Patheos has asked its bloggers to write about how religion changed in 2013. When I thought about Paganism in 2013, my mind immediately went to the many controversies in the echo chamber that is the Pagan blogosphere:
(Did I leave anything out?) And then I read an interesting recent post by Dver, where she observes that “deeper discussions about serious theological and practical religious issues, sharing our actual religious lives and inspiring each other to do more” receives practically no attention, while posts designed to be more controversial do. She concludes, “We can hardly blame those serious about their devotion when they leave the internet to focus on real-life worship, when this is all we have to offer here.” I agree.
So, instead of writing about our controversies — real and imagined — I want to highlight some posts that I read this year that I think should have gotten much more attention than they did — posts that are personal and practical, about communing with nature, with our gods, with each other, and with our Deep Selves. In choosing these posts, I was obviously limited by the fact that I only read a handful of blogs and even those I sometimes have trouble finding the time for. I’m sure there are many more examples of overlooked online writing this year. Please add other recommendations in the comments.
(These are in no particular order)
A Pagan Quaker Among Christian Friends. Cat Chapin-Bishop addresses “An Open Letter to My Christian Quaker Friends” (Part 1) about her being a Pagan “Friend-but-not-a-Christian”: ”[T]he same spiritual integrity that made me show up and keep showing up for Quaker meetings–because I was called, and I knew it–has also kept me loyal to and part of the Pagan community that formed for me a soul capable of hearing a spiritual call in the first place.” Cat’s personal story is particularly salient in light of recent debates about the intersection of Christianity and Paganism. In addition, I think the advice that Cat gives to Christian and non-Christian Quakers — to “listen in tongues” and “listen where the words come from” — is equally good advice to theistic and non-theistic Pagans trying to communicate with each other. Also check out Part 2 of Cat’s letter and her post: “A Pagan Jesus?”
So-Called “Natural” Magic. Brian Taylor’s series on animism and magic had me wanting more. In part one, “Nature Magic”, Brian begins to take aim at some contemporary Pagan conceptions of magic, beginning with Nigel Pennick’s Natural Magic, which despite naturalistic trappings turn out to be just extensions of Renaissance magic: “masculinist, will-oriented, anthropocentric … contemptuous of the dark, the feminine, the ensouled let alone embodied, the earth, and all its limits”. In part two, “Relational Magic”, Brian questions whether Susan Greenwood achieved her goal of articulating a truly “relational magic” in her her book, The Anthropology of Magic, and concludes that “her emphasis still seems to be on inner journeys rather external realities.” I would like to see more discussions which problematize the place of magic in Paganism. I look forward to Brian’s future discussions of Barry Patterson’s take on “participatory magic” and Patrick Curry’s animist perspective on divination.
Being Spiritual and Religious. UU Minister, Carl Gregg, explains “Why ‘Spiritual And Religious’ Is More Radical Than ‘Spiritual But Not Religious'”. Gregg reviews the writing of Lillian Daniel, author of When “Spiritual but Not Religious” Is Not Enough: Seeing God in Surprising Places, Even the Church. Following Daniel, Gregg examines our contemporary prioritizing of individual experience in religious matters, an idea that seems to have become an unconscious axiom today for most people. While a spiritually valid principle, if it is overemphasized, it can devolves into “an unhealthy narcissism of entitlement and self-involvement.” Gregg observes that, while doubt and individualism were radical in the 16th century, they aren’t now; now they just make us middle-of-the-road Protestants. What is radical today, suggests Gregg, is not being spiritual in isolation, but undertaking the challenging task of working out who you are, what you believe, and what your place is in the universe in a diverse community. While Gregg is not Pagan and not writing to Pagans, given that the majority of Pagans are now solitaries, I think we really need to be taking another look at the idea of being spiritual and religious. Also check out Gregg’s posts: “Poetically Dwelling on the Earth as a Mortal”.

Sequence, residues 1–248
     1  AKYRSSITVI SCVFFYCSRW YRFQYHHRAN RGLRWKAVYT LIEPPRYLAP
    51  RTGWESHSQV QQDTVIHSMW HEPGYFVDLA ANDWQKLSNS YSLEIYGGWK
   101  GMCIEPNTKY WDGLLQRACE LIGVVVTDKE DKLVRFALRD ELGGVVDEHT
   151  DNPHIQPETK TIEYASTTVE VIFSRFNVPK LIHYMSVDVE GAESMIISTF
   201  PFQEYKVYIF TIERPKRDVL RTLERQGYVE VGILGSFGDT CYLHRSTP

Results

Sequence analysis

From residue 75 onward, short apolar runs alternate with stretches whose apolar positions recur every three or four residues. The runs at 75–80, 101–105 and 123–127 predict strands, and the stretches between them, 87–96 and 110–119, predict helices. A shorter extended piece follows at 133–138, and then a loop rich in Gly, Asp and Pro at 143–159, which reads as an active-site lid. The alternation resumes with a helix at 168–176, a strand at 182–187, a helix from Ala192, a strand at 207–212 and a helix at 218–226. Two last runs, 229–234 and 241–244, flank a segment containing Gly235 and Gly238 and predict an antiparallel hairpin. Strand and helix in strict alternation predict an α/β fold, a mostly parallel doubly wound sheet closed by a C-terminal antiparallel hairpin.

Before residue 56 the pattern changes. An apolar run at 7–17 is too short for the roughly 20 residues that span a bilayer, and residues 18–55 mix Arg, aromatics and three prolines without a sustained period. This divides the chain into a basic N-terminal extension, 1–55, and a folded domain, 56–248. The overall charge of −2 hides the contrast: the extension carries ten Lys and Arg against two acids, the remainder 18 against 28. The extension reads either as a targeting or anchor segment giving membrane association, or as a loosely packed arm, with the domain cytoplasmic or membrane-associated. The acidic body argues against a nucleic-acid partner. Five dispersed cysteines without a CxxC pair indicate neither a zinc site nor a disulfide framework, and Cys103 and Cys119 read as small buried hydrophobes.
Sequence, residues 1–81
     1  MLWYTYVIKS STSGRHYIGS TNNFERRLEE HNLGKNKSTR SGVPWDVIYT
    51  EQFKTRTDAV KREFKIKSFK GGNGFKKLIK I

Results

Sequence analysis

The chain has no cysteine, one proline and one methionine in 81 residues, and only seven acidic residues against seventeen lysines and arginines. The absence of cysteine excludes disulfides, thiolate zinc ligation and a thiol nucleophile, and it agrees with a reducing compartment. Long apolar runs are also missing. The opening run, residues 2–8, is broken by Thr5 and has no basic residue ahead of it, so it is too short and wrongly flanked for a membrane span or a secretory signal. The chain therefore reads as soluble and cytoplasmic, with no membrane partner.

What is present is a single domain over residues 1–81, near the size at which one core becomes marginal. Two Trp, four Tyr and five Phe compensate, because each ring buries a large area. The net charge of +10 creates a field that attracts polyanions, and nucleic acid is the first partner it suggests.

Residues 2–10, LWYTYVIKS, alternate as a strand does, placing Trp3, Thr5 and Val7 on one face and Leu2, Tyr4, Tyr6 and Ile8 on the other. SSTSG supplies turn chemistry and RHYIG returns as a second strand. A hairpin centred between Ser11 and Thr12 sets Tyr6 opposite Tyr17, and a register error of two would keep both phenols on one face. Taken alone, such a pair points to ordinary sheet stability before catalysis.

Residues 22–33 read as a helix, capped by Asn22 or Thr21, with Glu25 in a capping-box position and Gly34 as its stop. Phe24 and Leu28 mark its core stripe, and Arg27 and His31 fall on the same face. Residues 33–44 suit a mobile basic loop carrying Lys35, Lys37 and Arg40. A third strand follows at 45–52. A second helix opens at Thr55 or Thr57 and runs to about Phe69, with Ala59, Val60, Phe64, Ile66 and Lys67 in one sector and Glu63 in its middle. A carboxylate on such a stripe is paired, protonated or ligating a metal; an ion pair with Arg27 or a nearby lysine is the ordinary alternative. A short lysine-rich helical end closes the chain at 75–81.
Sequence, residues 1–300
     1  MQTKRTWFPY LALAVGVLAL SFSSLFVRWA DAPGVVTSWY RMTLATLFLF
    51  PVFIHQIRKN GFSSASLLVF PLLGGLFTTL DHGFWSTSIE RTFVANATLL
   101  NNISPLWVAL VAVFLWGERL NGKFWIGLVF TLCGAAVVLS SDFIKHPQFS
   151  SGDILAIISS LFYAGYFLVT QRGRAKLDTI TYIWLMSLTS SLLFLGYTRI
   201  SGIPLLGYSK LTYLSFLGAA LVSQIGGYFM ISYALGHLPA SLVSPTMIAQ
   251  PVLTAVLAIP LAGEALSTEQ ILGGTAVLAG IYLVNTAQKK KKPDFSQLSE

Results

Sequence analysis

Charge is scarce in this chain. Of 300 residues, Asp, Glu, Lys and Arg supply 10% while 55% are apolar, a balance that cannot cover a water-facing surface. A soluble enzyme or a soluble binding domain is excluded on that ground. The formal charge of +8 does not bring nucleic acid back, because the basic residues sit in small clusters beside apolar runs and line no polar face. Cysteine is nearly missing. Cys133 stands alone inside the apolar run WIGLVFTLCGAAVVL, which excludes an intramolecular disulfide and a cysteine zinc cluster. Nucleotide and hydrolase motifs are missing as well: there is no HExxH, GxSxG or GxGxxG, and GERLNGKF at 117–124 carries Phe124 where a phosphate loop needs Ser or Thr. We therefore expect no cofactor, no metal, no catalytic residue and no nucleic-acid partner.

Defining Paganism Locally. Okay, so every attempt to define Paganism leads to controversy, but I couldn’t help but include Ian Corrigan’s definition of Paganism: “‘Paganism’ can, for the sake of this discussion, be defined as ‘the naturally-occurring religious impulse of a local area.’ By naturally-occurring I mean that it hasn’t been brought in by preachers or prophets, and reflects the tradition-whose-beginnings-aren’t-remembered. By ‘religious impulse’ I mean the human inclination to make relationship with a perceived ‘spiritual’ reality — with the persons and beings seen to reside in the world. by ‘local area’ I refer to the worship of beings local to the religion — the god of *that* mountain, *those* stars.” While it comes nowhere close to capturing the diversity of contemporary Paganism, it is a challenging conception of one person’s Paganism. Perhaps instead of arguing about whether a definition is sufficiently inclusive, we should be asking what individual definitions like Ian’s add to the diverse picture that is contemporary Paganism.